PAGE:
—voting NO on any candidate who has any NO rating from any bar group (Solganick, Maki, Ford, Lynch, Dunford, Bernstein, Malone, Coleman, Ramos)

In the last two scenarios, whether to cast YES votes for other candidates depends on the voter’s wish to affect the total number of votes a candidate gets, and therefore, how close to the required 60%+1 to remain in office. Not casting a YES vote for a particular candidate shrinks the total number of votes that candidate tallies and empowers all-NO voters’ votes.

Cast an informed vote!


Anonymous said...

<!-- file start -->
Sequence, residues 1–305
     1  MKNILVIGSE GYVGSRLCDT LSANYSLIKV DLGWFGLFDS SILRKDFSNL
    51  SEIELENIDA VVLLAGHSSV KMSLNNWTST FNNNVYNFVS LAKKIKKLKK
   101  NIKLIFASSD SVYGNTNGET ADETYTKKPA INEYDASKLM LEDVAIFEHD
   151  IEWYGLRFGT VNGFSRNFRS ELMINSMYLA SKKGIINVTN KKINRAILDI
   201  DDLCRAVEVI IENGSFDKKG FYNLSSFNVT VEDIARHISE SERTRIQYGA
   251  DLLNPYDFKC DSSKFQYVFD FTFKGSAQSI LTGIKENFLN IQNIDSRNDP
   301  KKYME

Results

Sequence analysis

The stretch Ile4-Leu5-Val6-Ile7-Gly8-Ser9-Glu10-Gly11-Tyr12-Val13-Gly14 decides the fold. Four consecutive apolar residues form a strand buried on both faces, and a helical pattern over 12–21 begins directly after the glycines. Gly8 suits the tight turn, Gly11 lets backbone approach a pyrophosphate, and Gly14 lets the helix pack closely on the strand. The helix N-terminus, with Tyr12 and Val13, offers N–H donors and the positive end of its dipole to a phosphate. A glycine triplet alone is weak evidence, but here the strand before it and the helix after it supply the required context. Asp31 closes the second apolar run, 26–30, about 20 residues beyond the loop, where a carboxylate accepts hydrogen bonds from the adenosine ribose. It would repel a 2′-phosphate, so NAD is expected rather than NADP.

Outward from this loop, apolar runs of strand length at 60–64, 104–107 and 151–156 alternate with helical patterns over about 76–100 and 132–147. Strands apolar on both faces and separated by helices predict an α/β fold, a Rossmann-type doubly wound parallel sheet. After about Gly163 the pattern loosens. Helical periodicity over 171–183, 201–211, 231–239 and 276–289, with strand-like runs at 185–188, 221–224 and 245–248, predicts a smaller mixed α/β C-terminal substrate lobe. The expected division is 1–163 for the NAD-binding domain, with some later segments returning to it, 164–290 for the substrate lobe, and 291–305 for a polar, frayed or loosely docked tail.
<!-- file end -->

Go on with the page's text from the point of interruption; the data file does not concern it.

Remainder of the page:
Ah, the Alliance weighs in. Great. But the reality is that most voters won't even see these grids or, if they do, won't remember them and won't be bothered to bring them to vote. They will vote based on gender, ethnicity or how "cool" somebody's name sounds (that one is for you Jesse "Outlaw" and by the way, cool ballot name). For all you would-be warriors out there considering a run in 2018, keep the following in mind. The countywide signature requirement will be 3-4 times higher given the record turnout in 2016 due to the Clinton/Sanders contest. Some estimate it to be in the 6,500 to 7,000 range. In contrast, the signature requirement for 2016 was the lowest in recent history because of the pathetic 16% countywide turnout of 2014 attributable to the lame Governor's race. While many of the countywide candidates in 2016 submitted around 10,000 signatures, most of the non-slated candidates would have likely been tossed off the ballot if the anticipated 2018 requirement had been applied because most (if not all) did not have 6,500 GOOD signatures. Those professional circulators might net you 2,000-3,000 good signatures out of 10,000, but NOT 6,500. And even if the professionals start circulating all day from August to November, 20,000 legitimate GOOD signatures are hard to get and will cost you $20,000-$30,000 because they know they can charge a premium. And even then, there is no guarantee that you will hit the magic mark.